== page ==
One of the listings is my mother’s house. She’s downsizing, and we were working with the realtor to get the house on the market before Harvey. As it turned out, the listing went live a couple of days after Harvey. We got two offers almost immediately: one cash and one conventional financing. We went with the cash offer since she wants to get this done, and it is supposed to close tomorrow. 17 days from listing to closing!
There is demand for undamaged homes, perhaps even by speculators that try to buy with cash whatever they can get and flip the homes in the near future into peak demand, powered by desperate people whose homes were destroyed.
And demand for rentals surged in August. Leases for single-family homes jumped 9.4% year-over-year, and leases for condos and townhouses soared 17%. Average rent remained unchanged for single-family homes at $1,857, while rents for condos and townhouses fell 2% to $1,551.
A leading indicator for production plunges.
The Houston Purchasing Manager Index (PMI) for September, a near-term leading indicator for production in the Houston region based on surveys of local purchasing managers in manufacturing, healthcare, electronics, finance, energy, and other industries, plunged 5.3 points from the prior month, to 46.5. Below 50 indicates contraction over the next three to four months. I marked the September plunge (chart via Greater Houston Partnership):
The report added:
The August survey was administered after Hurricane Harvey hit the Houston region and reflects the initial impacts of the storm on the economy. Respondents across the board noted short-term disruptions to their industries due to Harvey but expect activity to increase as the region recovers.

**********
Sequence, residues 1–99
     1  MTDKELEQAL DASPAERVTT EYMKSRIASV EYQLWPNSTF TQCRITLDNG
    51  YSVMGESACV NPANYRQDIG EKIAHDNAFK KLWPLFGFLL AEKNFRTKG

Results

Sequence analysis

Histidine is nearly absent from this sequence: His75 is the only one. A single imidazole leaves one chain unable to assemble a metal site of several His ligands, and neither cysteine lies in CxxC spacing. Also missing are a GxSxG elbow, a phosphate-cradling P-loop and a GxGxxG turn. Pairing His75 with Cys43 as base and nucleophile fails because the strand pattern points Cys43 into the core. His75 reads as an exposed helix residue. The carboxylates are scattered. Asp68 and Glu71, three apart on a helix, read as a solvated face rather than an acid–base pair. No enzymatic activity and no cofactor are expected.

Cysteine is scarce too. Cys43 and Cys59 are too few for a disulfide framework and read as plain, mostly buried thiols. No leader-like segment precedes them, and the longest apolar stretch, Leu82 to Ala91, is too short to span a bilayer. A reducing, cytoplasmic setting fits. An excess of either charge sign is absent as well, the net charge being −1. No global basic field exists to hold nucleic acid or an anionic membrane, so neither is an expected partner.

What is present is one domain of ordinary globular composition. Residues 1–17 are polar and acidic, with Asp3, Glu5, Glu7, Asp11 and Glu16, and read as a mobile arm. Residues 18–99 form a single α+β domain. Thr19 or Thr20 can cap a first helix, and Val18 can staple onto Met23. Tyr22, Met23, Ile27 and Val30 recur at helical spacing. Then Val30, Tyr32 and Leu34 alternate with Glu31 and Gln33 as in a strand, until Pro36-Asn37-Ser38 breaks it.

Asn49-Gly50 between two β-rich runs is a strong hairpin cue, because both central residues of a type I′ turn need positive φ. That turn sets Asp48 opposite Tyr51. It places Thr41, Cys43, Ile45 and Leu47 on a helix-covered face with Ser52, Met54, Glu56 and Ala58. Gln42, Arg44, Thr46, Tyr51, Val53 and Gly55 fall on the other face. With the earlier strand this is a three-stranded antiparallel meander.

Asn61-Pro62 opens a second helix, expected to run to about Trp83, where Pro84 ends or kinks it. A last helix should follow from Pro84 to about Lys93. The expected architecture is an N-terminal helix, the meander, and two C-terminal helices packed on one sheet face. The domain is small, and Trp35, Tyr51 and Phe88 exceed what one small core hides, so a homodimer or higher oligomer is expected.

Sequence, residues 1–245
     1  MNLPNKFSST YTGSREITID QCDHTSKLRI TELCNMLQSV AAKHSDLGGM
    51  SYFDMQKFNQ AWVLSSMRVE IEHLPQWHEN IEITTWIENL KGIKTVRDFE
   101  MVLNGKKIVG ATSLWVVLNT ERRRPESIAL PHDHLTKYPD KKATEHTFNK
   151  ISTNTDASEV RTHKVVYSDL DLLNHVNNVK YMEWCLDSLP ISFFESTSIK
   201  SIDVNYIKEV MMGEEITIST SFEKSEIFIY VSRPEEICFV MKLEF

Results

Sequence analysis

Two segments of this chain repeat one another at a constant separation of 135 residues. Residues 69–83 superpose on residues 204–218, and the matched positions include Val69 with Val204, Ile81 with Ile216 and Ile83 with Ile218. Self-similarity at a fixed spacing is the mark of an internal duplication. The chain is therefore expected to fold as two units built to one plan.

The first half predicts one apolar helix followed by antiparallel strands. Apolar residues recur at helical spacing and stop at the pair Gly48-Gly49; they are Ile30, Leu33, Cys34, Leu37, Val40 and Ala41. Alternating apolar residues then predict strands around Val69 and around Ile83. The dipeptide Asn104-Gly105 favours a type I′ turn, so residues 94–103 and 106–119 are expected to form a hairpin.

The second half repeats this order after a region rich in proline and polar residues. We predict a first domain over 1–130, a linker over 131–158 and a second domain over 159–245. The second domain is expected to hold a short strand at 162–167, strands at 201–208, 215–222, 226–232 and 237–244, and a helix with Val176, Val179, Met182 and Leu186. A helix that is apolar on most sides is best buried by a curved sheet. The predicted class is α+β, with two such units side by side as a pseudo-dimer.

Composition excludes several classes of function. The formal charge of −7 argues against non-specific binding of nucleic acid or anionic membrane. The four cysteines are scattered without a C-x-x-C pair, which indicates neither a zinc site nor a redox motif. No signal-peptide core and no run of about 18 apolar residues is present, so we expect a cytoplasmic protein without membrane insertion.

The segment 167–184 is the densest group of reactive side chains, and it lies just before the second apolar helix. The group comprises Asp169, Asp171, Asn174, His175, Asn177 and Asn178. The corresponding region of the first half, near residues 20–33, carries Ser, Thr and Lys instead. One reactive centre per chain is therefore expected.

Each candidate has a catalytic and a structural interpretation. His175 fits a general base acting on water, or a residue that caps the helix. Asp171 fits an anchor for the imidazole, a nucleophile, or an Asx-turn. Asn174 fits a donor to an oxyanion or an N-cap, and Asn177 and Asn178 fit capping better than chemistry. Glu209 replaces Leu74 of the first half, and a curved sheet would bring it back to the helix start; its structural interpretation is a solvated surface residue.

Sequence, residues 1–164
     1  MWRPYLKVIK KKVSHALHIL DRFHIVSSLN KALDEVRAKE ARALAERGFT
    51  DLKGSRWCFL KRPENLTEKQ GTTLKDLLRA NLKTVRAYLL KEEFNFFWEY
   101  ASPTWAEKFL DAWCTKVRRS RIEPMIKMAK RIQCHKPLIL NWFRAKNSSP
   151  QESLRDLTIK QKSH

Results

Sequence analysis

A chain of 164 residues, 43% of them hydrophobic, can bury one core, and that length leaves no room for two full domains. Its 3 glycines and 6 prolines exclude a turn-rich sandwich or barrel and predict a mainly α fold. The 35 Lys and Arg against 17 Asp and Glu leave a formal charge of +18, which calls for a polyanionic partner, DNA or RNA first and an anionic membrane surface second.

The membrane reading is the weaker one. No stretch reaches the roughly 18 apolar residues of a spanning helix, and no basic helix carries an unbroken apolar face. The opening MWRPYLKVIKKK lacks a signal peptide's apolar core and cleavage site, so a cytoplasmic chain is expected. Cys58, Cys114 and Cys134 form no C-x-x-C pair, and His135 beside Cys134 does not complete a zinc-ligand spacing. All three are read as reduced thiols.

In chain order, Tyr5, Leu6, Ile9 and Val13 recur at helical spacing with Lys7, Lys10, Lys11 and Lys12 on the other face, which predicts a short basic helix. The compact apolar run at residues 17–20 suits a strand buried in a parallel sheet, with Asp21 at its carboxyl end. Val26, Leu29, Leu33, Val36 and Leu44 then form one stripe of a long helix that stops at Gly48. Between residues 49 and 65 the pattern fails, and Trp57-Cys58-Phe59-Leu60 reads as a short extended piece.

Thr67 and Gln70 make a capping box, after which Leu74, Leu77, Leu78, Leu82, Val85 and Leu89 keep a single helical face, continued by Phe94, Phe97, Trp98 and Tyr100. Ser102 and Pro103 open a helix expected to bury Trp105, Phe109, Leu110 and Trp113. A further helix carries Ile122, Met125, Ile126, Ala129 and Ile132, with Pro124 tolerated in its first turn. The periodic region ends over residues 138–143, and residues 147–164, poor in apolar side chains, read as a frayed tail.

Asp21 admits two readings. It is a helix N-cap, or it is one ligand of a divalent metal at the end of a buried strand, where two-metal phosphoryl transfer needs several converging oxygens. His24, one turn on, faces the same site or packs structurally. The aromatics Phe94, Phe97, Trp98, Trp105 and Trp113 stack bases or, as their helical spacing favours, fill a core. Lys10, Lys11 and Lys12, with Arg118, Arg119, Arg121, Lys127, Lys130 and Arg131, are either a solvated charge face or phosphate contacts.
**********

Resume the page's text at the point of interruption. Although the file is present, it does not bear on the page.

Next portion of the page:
Employment was already weakening before Harvey.
The most recent employment report for Houston that the Texas Workforce Commission released on September 15 was based on data gathered prior to Harvey. Nevertheless, in August, the Houston-Woodlands-Sugar Land metro area lost 3,900 jobs from July.
“The loss came as a bit of surprise,” the report explains, adding:
Only four times in the past 25 years has the region logged job losses in August, and those losses coincided with overall weakness in the economy.
Most likely, the August data suggests that despite robust 12-month job growth [53,500 jobs created], Houston is still recovering from the downturn in the energy industry.
Harvey’s impact on Houston employment will emerge in the data to be released in October. “Historically, Houston employment falls the month after a storm then rebounds over the next two to three months. The Partnership expects post-Harvey employment to follow the same pattern,” the report said.
The impact of Harvey on chain restaurants in Texas was so steep that it has dragged down national sales to add to the worst downturn since 2009.
In total, 4.3 million properties with nearly $700 billion in outstanding mortgage balances are located in FEMA-designated disaster areas in Texas and Florida. The losses on the mortgages will be significant. And someone is going to pay for it. Read… Who Gets Hit by Mortgage Losses in Harvey and Irma Areas?